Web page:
32 min
The JEDP Theory and Alternative Approaches

06: The JEDP Theory and Alternative Approaches

The unified approach to the two creation accounts presented in Lecture 3 is one most scholars debate, citing many contradictions. This lecture introduces their four-source hypothesis, and discusses its good points and its problems.

31 min
Genesis 6–8, The Flood Story

07: Genesis 6–8, The Flood Story

We compare the Bible's account of the flood to the story incorporated in the "Epic of Gilgamesh," the literary classic of ancient Mesopotamia, and also use the biblical version as a way of comparing the contrasting methods of the JEDP and unified-whole theories.

31 min
Genesis 9, Covenant

08: Genesis 9, Covenant

This lecture focuses on a crucial concept in biblical studies and how this idea of a bond between God and humanity, in general, and the people of Israel, in particular, distinguished ancient Israel from other cultures and religions of the ancient Near East.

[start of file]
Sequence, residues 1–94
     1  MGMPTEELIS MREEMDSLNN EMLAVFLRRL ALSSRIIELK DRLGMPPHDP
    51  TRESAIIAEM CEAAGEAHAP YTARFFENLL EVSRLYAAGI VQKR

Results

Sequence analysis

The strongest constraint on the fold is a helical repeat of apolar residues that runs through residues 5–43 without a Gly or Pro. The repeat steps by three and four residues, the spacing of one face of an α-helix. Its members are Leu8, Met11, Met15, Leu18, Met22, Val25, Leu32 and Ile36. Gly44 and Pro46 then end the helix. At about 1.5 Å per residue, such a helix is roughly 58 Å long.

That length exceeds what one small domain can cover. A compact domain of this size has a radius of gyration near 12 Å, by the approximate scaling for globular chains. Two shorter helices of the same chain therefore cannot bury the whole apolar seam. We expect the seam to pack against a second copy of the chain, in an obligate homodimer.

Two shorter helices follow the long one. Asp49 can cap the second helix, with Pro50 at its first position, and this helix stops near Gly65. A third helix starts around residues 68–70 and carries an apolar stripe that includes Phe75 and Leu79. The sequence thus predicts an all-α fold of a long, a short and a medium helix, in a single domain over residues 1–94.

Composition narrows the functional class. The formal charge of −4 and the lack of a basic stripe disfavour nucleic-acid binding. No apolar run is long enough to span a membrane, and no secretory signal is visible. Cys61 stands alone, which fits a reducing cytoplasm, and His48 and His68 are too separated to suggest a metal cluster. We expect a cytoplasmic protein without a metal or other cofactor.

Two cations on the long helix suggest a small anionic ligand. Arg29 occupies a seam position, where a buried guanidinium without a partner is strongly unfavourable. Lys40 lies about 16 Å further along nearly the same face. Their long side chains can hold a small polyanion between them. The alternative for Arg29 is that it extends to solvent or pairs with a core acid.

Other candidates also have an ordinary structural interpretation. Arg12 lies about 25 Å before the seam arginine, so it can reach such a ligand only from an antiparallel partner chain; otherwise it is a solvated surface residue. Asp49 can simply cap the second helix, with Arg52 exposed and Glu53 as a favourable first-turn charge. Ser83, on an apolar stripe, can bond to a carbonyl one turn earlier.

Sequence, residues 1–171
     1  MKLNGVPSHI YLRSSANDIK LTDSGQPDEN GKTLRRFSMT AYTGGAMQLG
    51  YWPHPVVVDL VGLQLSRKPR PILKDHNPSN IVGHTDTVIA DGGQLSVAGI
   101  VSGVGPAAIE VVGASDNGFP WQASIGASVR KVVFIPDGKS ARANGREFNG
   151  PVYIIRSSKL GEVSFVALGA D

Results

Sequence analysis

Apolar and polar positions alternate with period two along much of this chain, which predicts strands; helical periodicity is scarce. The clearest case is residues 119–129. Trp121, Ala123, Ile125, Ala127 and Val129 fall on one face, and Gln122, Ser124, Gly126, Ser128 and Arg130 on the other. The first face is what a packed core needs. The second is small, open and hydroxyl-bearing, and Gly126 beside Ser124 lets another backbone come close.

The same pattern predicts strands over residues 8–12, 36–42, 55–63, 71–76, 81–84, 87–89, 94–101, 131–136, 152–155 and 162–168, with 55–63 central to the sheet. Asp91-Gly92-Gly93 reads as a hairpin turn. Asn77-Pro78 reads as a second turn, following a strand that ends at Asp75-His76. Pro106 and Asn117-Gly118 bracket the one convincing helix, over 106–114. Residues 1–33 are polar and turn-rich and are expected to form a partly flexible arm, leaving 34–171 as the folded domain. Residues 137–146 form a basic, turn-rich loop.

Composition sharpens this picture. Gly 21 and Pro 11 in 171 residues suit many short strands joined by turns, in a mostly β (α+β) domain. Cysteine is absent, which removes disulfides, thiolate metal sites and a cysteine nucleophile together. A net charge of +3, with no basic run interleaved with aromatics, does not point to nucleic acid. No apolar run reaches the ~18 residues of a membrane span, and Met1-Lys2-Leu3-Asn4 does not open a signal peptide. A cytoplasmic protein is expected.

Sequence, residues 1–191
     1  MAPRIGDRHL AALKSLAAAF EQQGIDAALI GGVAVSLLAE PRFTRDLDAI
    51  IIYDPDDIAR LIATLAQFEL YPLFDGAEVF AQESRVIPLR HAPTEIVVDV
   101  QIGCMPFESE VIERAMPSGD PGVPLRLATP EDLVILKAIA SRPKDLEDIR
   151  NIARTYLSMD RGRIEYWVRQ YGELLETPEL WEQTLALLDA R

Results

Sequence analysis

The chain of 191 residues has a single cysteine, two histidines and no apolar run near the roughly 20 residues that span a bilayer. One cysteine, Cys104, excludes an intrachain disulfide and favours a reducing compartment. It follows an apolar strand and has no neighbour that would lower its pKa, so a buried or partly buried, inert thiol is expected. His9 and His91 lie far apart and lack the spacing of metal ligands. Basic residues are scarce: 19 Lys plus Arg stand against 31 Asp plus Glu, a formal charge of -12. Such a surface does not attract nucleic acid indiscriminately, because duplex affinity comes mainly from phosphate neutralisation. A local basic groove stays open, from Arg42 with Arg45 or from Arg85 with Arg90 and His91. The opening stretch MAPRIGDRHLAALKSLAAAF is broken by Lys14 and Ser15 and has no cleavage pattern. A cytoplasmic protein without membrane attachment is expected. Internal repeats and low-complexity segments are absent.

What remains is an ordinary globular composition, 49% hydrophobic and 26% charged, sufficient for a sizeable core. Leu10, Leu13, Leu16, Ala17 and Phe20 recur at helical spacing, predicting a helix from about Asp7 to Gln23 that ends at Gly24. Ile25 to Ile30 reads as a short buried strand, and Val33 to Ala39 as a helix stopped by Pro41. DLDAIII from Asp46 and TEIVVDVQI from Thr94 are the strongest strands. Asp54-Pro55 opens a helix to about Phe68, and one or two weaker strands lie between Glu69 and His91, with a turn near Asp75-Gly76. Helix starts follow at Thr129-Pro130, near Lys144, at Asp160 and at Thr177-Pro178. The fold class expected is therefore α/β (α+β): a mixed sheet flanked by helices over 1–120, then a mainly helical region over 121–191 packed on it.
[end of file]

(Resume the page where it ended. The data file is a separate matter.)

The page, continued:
31 min
Genesis 12–22, The Abraham Story

09: Genesis 12–22, The Abraham Story

This lecture presents an overview of the Abraham narrative, focusing on the interrelated themes of God granting the land of Canaan to Abraham and Abraham's quest for an heir.

31 min
When and Where Did Abraham Live?

10: When and Where Did Abraham Live?

This question gives rise to considerable scholarly debate. We examine the arguments and also discuss the insights into Genesis provided by the archives and epic compositions, respectively, of two ancient cities.

31 min